ENVIRONMENTAL ADVISORY COUNCIL (EAC)
LORNA YEARWOOD, CHAIRPERSON
SUE BOYD, SECRETARY
The EAC meets at 7 pm on the second Thursday of the month at the Township Building, the public is welcome to attend.
JOIN ZOOM MEETING HERE.
"Spring Graze" by Lisa Berman
WHAT IS AN EAC?
Source: PA EAC Network Handbook
An Environmental Advisory Council is a group of 3-7 community residents, appointed by local elected officials, that advises the local planning commission, park and recreation board and elected officials on the protection, conservation, management, promotion and use of natural resources within its territorial limits. Municipalities are authorized to establish EACs through Act 177 of 1996, originally Act 148 of 1973. EACs, as part of local government, work directly with municipal officials to help them make environmentally sound decisions — and protect the health and quality of life of our communities.
What EACs Do
In accordance with Act 177, EACs are authorized to:
- Identify environmental problems and recommend plans and programs to protect and improve the quality of the environment;
- Make recommendations about the use of open land;
- Promote a community environmental program;
- Keep an index of all open space areas to determine the proper use of such areas;
- Review plans, conduct site visits, and prepare reports for municipal officials; and
- Advise local government agencies about the acquisition of property.
What Don’t EACs Do
- EACs do not regulate; they are advisory only.
- EACs do not take the place of or compete with planning commissions or park and recreation boards; they augment and work closely with them.
- EACs are not activist or extremist environmental groups — they are part of the local government and accomplish the most when they work well with local officials.
- EACs do not compete with local grass-roots organizations, such as watershed associations.
- They are contact points and local government liaisons for these groups.
- EACs do not add bureaucracy to the local government — they have an organized procedure for participating in land use decisions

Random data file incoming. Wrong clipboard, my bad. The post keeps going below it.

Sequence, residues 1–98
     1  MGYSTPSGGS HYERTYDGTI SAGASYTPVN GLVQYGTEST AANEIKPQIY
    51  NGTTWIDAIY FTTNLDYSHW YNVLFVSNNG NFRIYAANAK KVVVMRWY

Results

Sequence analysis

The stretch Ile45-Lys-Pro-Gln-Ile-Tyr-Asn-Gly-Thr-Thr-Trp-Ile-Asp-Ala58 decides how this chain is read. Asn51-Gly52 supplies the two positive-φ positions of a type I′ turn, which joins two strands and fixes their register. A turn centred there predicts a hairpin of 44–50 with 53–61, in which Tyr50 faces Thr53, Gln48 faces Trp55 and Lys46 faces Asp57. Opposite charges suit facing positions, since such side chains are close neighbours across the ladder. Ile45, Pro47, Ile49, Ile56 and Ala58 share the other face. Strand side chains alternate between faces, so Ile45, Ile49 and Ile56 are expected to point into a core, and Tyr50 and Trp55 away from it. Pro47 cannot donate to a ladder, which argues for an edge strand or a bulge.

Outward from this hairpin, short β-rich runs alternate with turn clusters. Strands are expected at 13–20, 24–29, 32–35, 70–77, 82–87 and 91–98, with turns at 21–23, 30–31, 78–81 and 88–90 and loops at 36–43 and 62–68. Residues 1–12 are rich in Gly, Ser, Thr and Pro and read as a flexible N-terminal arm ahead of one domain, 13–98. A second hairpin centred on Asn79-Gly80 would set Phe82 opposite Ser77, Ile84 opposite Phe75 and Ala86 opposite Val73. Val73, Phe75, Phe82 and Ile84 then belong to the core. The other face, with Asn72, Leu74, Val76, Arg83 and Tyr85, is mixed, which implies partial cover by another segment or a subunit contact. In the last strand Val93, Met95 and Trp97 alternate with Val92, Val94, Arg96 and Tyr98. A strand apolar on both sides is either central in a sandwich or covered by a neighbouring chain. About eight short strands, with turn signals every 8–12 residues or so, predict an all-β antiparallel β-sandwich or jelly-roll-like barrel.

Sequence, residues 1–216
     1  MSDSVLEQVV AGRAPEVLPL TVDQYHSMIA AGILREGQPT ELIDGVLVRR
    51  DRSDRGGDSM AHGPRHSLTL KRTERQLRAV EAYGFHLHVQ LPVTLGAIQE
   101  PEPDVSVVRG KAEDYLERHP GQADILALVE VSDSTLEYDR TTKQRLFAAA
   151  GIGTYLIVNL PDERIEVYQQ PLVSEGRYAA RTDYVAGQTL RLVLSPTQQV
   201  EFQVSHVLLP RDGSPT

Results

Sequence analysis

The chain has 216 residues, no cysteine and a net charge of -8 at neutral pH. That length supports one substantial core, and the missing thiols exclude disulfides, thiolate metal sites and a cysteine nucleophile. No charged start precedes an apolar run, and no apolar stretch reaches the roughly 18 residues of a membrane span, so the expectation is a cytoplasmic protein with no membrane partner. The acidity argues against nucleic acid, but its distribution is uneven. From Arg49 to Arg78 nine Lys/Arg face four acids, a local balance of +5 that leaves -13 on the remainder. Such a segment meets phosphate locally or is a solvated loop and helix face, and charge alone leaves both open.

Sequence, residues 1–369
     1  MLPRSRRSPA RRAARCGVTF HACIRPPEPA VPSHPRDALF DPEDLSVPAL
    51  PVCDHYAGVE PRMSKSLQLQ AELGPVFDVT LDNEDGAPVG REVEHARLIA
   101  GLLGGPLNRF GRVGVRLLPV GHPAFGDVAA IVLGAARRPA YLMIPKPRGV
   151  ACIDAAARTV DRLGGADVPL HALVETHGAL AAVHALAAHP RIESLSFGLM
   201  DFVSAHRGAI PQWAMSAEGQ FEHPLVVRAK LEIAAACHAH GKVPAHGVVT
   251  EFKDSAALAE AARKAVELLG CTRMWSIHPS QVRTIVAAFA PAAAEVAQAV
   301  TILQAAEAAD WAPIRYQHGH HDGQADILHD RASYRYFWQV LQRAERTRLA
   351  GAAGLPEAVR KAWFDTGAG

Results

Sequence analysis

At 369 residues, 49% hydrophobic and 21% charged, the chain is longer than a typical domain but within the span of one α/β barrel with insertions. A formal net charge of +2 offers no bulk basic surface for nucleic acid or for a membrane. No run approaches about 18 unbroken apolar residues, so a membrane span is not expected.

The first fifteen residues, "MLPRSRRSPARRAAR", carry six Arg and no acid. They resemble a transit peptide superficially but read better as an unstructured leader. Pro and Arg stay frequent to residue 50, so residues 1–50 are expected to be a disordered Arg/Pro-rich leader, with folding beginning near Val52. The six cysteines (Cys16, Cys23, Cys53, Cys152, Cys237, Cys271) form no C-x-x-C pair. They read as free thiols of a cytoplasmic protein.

Bird Town Pennsylvania works in partnership with local municipalities and like-minded organizations to promote community-based conservation actions to create a healthier, more sustainable environment for birds, wildlife, and people.
The program provides tools and resources for municipalities to engage, educate and empower their residents, schools and businesses to make more positive social, economic and ecologically friendly decisions and promotes a culture of conservation where everyone is a potential steward of nature in their own backyard and beyond.
Restoration of natural systems and native plant communities for birds, butterflies and other wildlife, on both private and public lands, has positive impacts on our communities including creating a healthier environment, reducing stormwater runoff, greenhouse gases and maintenance time, increasing property values and building community pride.
Visit the website to learn more: birdtownpa.org
Make your Yard into a Registered Bird Habitat!
No matter the size, your property can be valuable habitat and can contribute to bird conservation. Your property is likely an important part of the habitat matrix and we’d love to hear from you! Each Bird Town is asked to have residents register their property with so that we can learn more about your birds and what you do for them. It’s quick, easy, and free of charge (yard signs are available through donation). Click below and select the “enroll today” button to start. There is useful information on the website to help you improve your ecological footprint and resources to help you identify birds.
Springfield Elementary School
Springfield EAC has partnered with Springfield Elementary School to improve the school grounds habitat for birds. Together, they have installed bird nesting boxes, bird feeders and blazed a new nature trail over a creek behind the gym. Over time, the trail will be improved through adding mulch to the path, removing invasive plants and replacing them with native plants making good habitat for native bugs, birds and other wildlife.
Great Backyard Bird Count
We encourage all backyard bird watchers to participate in the Great Backyard Bird Count organized by and sponsored by Audubon. It is usually held the second weekend in February (check website calendar or Facebook) and is easy to join in — just spend 15 minutes watching and recording birds at your feeders (or wherever you are) and then upload the numbers to birdcount.org (you will need to make a user account that you can use next year too — so save the username and password!). Click below to visit their site!
Township Native Garden & Grounds
EAC members designed and installed the native garden at the Township building between the road and the flagpole by the police entrance. It is a good example of a well-designed native garden that can be used as a model for residential properties. It is maintained by EAC volunteers.
The Township owns a total of 10 acres, the EAC have a strategic plan to improve habitat on the property. We started in the Fall of 2015 in the vicinity of the Township Building by removing invasives, this will be a long term improvement project.
Designing with Natives
Adding native plants to your backyard is one of the best ways to improve habitat for birds and other wildlife. Two of our EAC members are experts on native plants and have experience in designing backyards using native plants, if you ask, they are willing to come and help with your yard!